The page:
Kotebel - Structures

Year of Release: 1999
Label: independent
Catalog Number: n/a
Format: CD
Total Time: 49:03:00

If there is one thing that Mexicans will never do, it's the following: "read instructions carefully." Noooo, we'd rather rush headlong into the matter at hand than have to lose precious moments of our lives by taking the time to actually analyze the information given us with the sole purpose of making our lives easier. And although I admit to not sharing several traits of spirit with my fellow compatriots, I do share that atavist quality of careful-reading-reticence, so that when I was reading the information accompanying Kotebel's Structures I ended up expecting a fusion of progressive rock and classical music, instead of what it was actually supposed to be: "progressive rock from a classical music perspective."

Now, if you think that my expectations and Kotebel's corporate statement are one and the same, congratulations, you've just joined the ranks of the reading-disabled and get to go have a beer with me if we ever meet (the beers are on you, of course!). Witty nonsense set aside, however, Structures is far from featuring any strong characteristics of classical music, being instead a manifestation of keyboard-led symphonic rock that is reminiscent of both The Enid and the more placid moments of Genesis and Steve Hackett. Of course, with me being a classical music freak that will blast Bach or Mahler in his car right after Coroner, and my expectations being clumsily erred, I didn't really like the album on first listen.

Of course, that wasn't exactly fair either, so my relative objectivity (a curious paradox that barely avoids the ugly status of being an oxymoron) was saved by my usual habit of listening to an album at least six or seven times before actually getting around to review it. That is when both the strengths and weaknesses of Kotebel's first effort came to light, and rather curiously divided by tracks, or structures, number five and six. But, honoring the tried and true cliché, I'm afraid bad news come first; which is not really my fault when you consider that they start the album as well.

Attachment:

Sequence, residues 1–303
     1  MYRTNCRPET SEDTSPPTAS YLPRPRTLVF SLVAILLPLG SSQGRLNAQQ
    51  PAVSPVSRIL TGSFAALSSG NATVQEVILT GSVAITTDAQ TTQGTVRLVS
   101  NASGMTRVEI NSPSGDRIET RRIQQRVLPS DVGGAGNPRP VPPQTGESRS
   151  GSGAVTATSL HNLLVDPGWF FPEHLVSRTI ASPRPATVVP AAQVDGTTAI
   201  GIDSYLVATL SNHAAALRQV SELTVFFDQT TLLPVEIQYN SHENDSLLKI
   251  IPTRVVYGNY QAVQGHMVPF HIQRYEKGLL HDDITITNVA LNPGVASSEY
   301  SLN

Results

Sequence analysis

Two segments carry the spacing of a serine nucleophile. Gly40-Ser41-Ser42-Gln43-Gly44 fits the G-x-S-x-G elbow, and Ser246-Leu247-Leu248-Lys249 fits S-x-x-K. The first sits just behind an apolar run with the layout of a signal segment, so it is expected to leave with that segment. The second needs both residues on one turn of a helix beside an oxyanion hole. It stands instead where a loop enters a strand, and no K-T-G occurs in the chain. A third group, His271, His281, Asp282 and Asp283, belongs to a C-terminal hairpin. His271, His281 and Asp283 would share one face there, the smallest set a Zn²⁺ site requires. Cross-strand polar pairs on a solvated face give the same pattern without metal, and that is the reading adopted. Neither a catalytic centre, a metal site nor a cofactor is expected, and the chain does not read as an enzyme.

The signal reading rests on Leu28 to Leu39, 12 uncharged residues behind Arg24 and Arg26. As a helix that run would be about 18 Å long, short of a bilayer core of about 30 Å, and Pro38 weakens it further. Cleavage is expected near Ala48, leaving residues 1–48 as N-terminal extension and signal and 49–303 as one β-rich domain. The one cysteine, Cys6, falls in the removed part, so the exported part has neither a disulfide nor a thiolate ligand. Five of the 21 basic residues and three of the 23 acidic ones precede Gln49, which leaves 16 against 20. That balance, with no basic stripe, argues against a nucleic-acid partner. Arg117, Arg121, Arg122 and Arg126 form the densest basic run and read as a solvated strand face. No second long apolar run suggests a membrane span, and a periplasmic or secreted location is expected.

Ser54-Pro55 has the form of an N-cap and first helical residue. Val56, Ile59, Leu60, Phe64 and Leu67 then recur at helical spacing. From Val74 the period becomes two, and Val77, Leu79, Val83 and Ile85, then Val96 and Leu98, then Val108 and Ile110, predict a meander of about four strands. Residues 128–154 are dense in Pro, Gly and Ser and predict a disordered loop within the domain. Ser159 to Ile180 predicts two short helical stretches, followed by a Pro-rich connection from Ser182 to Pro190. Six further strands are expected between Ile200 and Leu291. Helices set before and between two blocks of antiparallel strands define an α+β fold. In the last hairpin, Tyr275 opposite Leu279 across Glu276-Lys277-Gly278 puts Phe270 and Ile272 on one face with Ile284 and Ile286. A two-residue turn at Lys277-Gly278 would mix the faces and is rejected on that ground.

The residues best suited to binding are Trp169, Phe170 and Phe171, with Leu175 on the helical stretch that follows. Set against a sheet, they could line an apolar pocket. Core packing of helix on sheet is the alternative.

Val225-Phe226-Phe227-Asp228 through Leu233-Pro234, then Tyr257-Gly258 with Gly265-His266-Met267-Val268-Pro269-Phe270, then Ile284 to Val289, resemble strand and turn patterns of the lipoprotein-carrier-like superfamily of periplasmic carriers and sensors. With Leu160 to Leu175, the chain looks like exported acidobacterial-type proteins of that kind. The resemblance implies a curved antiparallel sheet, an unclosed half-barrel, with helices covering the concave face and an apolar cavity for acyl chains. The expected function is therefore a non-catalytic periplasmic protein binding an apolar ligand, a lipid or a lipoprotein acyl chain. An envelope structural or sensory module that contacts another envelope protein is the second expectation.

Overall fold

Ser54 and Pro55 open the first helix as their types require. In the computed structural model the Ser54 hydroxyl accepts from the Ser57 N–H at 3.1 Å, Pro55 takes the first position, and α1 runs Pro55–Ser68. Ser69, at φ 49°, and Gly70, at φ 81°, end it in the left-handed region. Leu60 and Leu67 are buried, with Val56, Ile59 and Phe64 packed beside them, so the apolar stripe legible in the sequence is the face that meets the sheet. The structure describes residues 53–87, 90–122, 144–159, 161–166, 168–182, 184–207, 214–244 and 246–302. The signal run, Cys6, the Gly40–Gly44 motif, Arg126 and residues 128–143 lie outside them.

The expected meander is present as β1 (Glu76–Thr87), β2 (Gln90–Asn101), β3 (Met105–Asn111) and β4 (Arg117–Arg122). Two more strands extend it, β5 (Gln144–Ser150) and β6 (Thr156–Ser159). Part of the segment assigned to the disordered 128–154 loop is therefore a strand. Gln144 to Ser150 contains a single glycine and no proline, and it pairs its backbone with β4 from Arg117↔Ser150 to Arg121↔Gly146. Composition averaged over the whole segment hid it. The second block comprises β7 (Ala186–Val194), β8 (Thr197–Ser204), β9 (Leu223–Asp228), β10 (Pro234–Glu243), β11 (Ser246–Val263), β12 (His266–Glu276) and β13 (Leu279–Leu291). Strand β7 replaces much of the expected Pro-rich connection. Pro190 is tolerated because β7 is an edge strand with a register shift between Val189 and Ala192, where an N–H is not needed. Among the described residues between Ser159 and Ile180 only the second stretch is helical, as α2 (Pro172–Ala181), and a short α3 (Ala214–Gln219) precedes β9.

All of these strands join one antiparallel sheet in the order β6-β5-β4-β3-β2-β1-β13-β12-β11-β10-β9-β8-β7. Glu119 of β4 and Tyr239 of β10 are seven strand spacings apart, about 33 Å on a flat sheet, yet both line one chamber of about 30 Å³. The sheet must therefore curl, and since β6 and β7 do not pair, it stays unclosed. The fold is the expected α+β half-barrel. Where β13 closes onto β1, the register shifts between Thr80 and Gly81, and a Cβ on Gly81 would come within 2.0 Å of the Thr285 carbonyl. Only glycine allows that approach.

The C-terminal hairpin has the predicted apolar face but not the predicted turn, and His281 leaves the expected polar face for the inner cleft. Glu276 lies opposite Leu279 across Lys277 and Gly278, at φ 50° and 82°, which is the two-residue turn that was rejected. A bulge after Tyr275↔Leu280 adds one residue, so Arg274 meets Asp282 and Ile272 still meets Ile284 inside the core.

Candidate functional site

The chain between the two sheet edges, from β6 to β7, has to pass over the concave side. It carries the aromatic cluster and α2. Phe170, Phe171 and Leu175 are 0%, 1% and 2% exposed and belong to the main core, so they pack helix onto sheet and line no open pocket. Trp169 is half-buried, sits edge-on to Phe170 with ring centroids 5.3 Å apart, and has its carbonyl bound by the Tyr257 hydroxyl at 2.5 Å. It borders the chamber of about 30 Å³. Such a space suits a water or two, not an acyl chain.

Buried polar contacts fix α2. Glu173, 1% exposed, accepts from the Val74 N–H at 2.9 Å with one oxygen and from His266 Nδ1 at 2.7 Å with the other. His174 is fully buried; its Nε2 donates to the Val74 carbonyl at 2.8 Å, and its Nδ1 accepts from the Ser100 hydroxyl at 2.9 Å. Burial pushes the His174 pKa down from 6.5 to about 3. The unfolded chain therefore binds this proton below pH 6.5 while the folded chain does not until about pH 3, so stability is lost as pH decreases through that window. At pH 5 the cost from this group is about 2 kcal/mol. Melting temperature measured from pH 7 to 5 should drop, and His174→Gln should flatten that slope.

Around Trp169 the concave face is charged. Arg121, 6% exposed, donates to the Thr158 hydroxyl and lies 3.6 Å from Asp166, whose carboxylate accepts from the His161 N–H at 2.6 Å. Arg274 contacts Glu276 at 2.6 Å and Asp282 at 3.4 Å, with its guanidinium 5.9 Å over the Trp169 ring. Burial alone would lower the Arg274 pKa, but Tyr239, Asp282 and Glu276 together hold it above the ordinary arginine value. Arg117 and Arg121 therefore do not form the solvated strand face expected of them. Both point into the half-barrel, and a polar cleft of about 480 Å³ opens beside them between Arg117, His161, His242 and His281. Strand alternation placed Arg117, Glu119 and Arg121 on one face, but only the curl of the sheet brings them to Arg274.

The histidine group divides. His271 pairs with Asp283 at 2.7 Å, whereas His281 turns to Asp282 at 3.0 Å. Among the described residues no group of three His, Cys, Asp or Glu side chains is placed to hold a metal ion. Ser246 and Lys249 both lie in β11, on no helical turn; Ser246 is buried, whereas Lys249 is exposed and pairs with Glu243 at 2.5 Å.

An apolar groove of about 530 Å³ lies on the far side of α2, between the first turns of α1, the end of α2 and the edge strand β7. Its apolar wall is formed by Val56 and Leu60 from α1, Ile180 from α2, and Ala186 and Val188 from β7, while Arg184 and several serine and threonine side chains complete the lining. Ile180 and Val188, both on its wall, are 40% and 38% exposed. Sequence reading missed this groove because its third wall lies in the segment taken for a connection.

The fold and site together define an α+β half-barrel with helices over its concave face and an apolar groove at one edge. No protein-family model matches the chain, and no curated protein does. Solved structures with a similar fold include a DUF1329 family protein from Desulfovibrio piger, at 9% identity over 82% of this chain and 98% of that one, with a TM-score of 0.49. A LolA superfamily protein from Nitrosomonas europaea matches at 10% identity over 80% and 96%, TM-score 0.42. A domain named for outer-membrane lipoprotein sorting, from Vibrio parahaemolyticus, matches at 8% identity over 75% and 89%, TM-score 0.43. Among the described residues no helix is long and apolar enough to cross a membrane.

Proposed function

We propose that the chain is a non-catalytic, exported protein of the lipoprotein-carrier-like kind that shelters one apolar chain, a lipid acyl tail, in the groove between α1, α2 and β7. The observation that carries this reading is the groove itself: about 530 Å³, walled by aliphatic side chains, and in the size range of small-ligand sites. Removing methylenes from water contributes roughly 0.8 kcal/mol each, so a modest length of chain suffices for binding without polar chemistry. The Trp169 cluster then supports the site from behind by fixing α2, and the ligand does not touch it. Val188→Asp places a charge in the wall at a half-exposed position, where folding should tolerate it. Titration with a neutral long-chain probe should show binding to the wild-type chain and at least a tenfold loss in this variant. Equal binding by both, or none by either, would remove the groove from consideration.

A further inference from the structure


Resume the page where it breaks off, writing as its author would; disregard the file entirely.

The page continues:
Let's see, how to tackle this affair? Have you ever been to a restaurant in which a piano player is playing through some chord progressions that sound appropriate for non-disturbing elevator music and kind of linger in the back of your head while not really saying anything due to their lack of novelty? Well, that's pretty much how the first portion of Structures, namely up to the album's fifth track, comes across to the listener. Sure, the keyboards wiggle around here and there, the melodies aren't unpleasant at all, and there are some interesting bits lying around ("Structure 1" is actually kind of cool for the most part), but the corny keyboard effects and predictable harmonic structures don't really serve to entertain the listener remarkably, and my expectations in particular felt depressingly defeated.

But it ain't over till it's over, and Carlos Plaza Vegas brings the album right out of the ashes with "Structure 6," in which minor keys finally begin to be put to adequate use and the classical music perspective that characterized much of seventies' progressive rock finally shows up. Oh yes, patience is a virtue and it's certainly rewarding when one exerts it to wait and see if the initial promising flashes will eventually turn into full-fledged instrumentals, which they do by finally acquiring some unique, although partially retro at times, identity. It is then that a bit more energy is felt within Plaza's instrumentals, perhaps a result of the more dramatic approach that is brought to the foreground. At any rate, it is then that the potential of Kotebel as a project starts to come out of its cocoon, and that the listener finally receives a stream of pleasant and gentle symphonic rock that nevertheless could be bettered in future efforts. According to my interpretation of the album's booklet, the convergence of classical music and progressive rock should increase as new albums are released, and that will doubtlessly make it interesting to see what comes out of Kotebel in the next few years. In the meantime, however, most of the potential remains yet to be released, and a collection of pleasant, but not astounding, instrumentals remains.

Structure 1 (6:27) / Structure 2 (5:35) / Structure 3 (8:00) / Structure 4 (4:05) / Structure 5 (11:14) / Structure 6 (7:02) / Structure 7 (6:40)

Carlos Plaza Vegas - keyboards, programming

Guest musicians:

Omar Acosta - flute
Carlos Franco - ethnic percussion
Adriana Plaza - tambourine

Structures (1999)
Mysticae Visiones (2001)
Fragments Of Light (2003)
Omphalos (2006)

Genre: Progressive Rock

Origin ES

Added: November 17th 2002
Reviewer: Marcelo Silveyra
Artist website: www.kotebel.com
Hits: 1427
Language: english


[ Back to Reviews Index | Post Comment ]